if (myRules[j].selectorText == '.collapsed-div') {
myRules[j].style.display = 'none';
} // endif .collapsed-div
} // end for j
} // end for i


ronin




msg:4218299
 4:13 pm on Oct 18, 2010 (gmt 0)

Thanks Fotiman and rainborick - very much appreciated! >;->

JavaScript doesn't provide a way to set the style on a collection of elements using a simple syntax


Ah. That's where I was going wrong then. I work almost exclusively in HTML and CSS and my lack of familiarity with javascript led me to guess that it would be possible to formulate CSS style declarations in .js syntax. Live and learn.

Another approach you might consider would be to use JavaScript to attach a class to the body element. For example, you might attach a class "jsEnabled". Then in your CSS, you could do:
.jsEnabled .collapsed-div .article {display:none;}


Ah... yes, this is a brilliant solution.

This led me to realise that there are three types of solutions which might solve this generic type of problem where the developer wants a CSS style to apply to elements only if the user-agent can read javascript:

1) Hard-code the CSS class-name into the elements on the .html document and dynamically apply style attributes to the CSS class using javascript.

2) Hard-code the CSS class style attributes into the .css document and dynamically append the CSS class to the elements on the .html document using javascript.

3) Hard-code the CSS class style attributes into the .css document but specify that the styles only apply when that CSS class follows a parent class (such as "jsEnabled") - and then dynamically append that parent class to the <body> element on the .html document using javascript.

And a fourth solution occurs to me too:

4) Hard-code the [open-div] CSS class-name into the elements on the .html document and hard-code the [collapsed-div] CSS class style attributes into the .css document (without a parent selector class)... and then dynamically cycle through and change all instances of [open-div] on the .html document to [collapsed-div] using javascript. That way the <div>s are intially set to [open-div] and re-initialised to [collapsed-div] only if the user-agent can read javascript. (In all other methods, the <div>s are initially set to [collapsed-div] even though the activation of the collapse behaviour is contingent on javascript being enabled).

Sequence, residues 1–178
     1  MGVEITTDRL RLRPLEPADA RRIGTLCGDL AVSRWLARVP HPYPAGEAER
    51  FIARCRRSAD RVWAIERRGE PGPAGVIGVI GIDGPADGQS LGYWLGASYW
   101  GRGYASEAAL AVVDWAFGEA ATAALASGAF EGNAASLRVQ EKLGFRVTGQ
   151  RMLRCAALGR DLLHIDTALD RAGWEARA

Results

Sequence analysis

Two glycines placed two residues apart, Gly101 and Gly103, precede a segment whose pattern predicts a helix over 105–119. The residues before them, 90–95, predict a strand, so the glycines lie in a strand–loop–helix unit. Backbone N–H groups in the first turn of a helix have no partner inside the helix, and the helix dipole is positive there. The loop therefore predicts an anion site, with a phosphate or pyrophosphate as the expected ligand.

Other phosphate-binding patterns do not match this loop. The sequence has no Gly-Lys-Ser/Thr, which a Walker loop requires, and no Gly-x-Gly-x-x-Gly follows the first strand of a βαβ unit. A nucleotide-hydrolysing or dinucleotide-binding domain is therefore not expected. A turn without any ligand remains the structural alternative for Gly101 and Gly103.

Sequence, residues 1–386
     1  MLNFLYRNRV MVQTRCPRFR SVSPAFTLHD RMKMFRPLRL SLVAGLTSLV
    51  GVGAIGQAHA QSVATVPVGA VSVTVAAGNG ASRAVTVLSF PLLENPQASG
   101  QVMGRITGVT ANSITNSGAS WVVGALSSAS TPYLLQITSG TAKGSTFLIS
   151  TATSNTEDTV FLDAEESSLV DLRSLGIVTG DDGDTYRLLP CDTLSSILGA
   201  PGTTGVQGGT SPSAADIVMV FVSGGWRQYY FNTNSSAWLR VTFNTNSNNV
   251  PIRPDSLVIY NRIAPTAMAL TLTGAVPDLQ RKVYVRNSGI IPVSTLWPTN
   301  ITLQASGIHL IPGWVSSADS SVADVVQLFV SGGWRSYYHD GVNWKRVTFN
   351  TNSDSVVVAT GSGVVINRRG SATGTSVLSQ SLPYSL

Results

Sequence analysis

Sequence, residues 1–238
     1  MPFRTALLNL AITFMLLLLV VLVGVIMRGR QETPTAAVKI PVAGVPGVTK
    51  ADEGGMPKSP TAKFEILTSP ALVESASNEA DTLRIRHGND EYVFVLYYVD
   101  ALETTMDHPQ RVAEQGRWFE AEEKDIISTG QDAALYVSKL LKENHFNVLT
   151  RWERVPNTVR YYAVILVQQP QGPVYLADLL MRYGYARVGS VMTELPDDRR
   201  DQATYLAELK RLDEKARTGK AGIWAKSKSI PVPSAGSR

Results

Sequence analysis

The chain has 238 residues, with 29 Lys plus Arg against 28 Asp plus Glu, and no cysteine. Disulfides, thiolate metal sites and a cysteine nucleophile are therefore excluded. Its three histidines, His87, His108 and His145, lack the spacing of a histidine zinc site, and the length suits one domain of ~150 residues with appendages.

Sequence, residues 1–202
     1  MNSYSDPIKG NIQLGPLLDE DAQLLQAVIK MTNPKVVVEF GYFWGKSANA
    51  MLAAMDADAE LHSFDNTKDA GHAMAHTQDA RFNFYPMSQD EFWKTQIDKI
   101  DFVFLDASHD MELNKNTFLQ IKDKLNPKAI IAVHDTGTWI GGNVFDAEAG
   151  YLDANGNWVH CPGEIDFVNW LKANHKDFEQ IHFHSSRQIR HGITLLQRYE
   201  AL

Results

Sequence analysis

At the moment I am favouring method 3) - though I am wondering if method 4) would be more elegant, neither requiring an additional class in the .css stylesheet, nor requiring hardcoded styles in the .html document which are semantically misleading.

Speed of course is the primary priority, so I will split-test methods 3) and 4) and see which one yields the fastest load times.

ronin




msg:4218831
 1:13 pm on Oct 19, 2010 (gmt 0)

Oh and I ought to add, for the sake of reference, that the way I implemented method 3) was simply by adding the following line to the end of the collapse .js :

document.getElementsByTagName('body')[0].className = 'jsEnabled';*

*Credit to Rodrigo and his article: Adding hasJS Class When JavaScript Is Available

Fotiman




msg:4218875
 3:11 pm on Oct 19, 2010 (gmt 0)

That's fine... unless your body ever has some other class assigned to it, in which case you'll be replacing the existing value.